By Lucille Harvey
It is farcical that the employment regulations that MPs put into law are not accessible to their own staff.
Revelations about the treatment of MPs’ staff are unsurprising to those of us who have worked for a Member of Parliament. Sexual harassment, on the scale that Channel 4 News uncovered, is symptomatic of a culture where abuse of power and impunity are rife. A culture that allows the harassment, bullying and exploitation of staff to go unchecked and unchallenged but moreover a culture that, at times, has been complicit in covering up it up.
How is this possible in any modern workplace, let alone the Mother of Parliaments? The truth is that while in theory MPs’ staff are protected by employment rights, in practice these rights are hard for us to access.
The House of Commons is set up as 650 individual offices with MPs receiving their staffing budgets from IPSA and then free to organise their office as they wish. As such, employment contracts are between staff and the MP, who are commonly both employer and line manager. When the relationship between the MP and staff member is good, this arrangement is workable. However, if the relationship falls into difficulties problems arise.
While technically MPs’ staff are covered by the legal protections that all workers have under UK law, the reality is that, for us, these legal protections are not easily accessed. To take a grievance against your employer, it will be heard by your line manager who often is the MP. Therefore you have the perverse system where the subject of the grievance can be the same person who hears the grievance and decides if it is progressed or dismissed. As you can imagine, this system produces very low success rates for staff regardless of the merits of their case.
Take the case of Unite Parliamentary Staff Branch member Marion Kinley. Ms Kinley found herself being victimised by her then employer Jim Devine MP. She attempted to take out a grievance against him with the House Authorities only to be told that as the MP was her employer, she’d need to take out the grievance with him, despite the fact that he was the subject of said grievance. Rather unsurprisingly, Devine chose to dismiss the grievance against him and then suspended Ms Kinley. As in other industries, it’s clear that MPs’ self-regulation doesn’t work.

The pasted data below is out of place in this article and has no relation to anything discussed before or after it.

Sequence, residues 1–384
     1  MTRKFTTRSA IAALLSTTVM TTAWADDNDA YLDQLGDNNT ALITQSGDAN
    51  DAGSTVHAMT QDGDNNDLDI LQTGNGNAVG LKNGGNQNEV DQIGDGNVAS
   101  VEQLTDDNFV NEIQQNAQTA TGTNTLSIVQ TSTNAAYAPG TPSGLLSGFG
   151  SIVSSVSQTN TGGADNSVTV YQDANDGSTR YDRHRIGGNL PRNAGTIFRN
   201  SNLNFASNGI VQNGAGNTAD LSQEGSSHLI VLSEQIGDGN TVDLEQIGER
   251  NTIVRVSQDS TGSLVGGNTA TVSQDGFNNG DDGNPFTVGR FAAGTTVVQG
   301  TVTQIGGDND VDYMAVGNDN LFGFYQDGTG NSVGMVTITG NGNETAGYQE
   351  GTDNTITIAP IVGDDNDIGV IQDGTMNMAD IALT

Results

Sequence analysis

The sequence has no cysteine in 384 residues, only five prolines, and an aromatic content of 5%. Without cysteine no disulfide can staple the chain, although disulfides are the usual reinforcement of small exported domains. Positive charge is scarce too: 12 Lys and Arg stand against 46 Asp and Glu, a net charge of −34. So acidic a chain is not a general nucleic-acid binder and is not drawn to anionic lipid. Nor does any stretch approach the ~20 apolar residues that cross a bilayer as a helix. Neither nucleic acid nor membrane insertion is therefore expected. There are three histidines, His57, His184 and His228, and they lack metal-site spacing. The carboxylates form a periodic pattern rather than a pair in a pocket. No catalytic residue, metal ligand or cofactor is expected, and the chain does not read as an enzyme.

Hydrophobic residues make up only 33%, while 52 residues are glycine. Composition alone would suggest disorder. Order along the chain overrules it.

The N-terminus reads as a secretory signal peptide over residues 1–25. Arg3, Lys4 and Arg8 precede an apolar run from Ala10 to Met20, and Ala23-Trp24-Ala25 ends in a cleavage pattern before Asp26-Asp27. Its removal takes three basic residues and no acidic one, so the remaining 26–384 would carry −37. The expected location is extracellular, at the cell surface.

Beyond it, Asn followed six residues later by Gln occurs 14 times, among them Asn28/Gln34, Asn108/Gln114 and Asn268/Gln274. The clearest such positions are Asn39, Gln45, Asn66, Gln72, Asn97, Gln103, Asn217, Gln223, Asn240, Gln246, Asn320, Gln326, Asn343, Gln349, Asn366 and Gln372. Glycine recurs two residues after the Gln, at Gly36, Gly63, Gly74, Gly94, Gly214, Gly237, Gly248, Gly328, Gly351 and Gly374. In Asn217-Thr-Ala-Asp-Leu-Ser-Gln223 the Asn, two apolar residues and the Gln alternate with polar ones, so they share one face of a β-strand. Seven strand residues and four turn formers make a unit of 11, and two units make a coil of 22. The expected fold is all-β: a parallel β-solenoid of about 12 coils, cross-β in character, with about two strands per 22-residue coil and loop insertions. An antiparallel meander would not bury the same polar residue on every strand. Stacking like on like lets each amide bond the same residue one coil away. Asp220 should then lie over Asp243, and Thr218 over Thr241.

None of the proposals that have been announced in the last week will do much to tackle this fundamental issue. The Unite Parliamentary Branch welcomed the introduction of a Speaker’s Helpline. But without comprehensive overhauling of the current grievance procedures nothing will change. A staff member calling to make a complaint of harassment against their MP will serve little purpose if they’re just directed to raise this with their employer, the MP who’s harassing them. Nor will the Conservatives’ voluntary Code of Conduct work. MPs who follow good employment practices will sign up, and those who don’t, won’t.
Most importantly, partisan solutions are not the answer. All staff deserve equal protections at work; why should a researcher in the next door office have fewer rights than me because they fall under a different party’s code of conduct? We cannot replace one unjust system with another.
It doesn’t have to be this way. The Unite Branch has come up with four ways to radically improve conditions and tackle the most unhealthy aspects of this culture.
First, we need the introduction of independent mediation for staff. The fundamental flaw of the current grievance system is the absence of natural justice. A simple solution would be to introduce an impartial third party so staff have access to a fair hearing.
Second, a bullying & harassment policy that covers all MPs’ staff and volunteers. The Branch believes that an across the board policy is the only feasible solution.
Third, we need mandatory training for all MPs in good employment practice. Some problems arise due to a lack of knowledge rather than malintent on the MP’s part. Many MPs have not previously had the experience of being employers and are unaware of their responsibilities. This can be easily remedied through training.
Finally, we need collective recognition for the Parliamentary Staff Branch. Currently, MPs can choose whether they recognise the union or not. Voluntary arrangements like this just don’t work. The most vulnerable staff, those in most in need of trade union representation, are the ones least likely to work in offices where the Branch has a recognition agreement, as unscrupulous employers tend not to support trade unions.
The best solutions prevent problems from arising in the first place. These suggestions would significantly improve conditions for staff and employment relations generally but they could also potentially save the taxpayer money. Between 2006 and 2011, tribunal pay-outs to MPs’ staff cost the taxpayer £350,000. I’m sure we can all think of ways that money could have been better spent; I’ve listed a few above for starters.
The farcical situation by which the employment regulations that MPs put into law are not accessible to their own staff needs to end. We deserve better – it’s time the House got its house in order.
This article originally appeared in the New Statesman on 17 April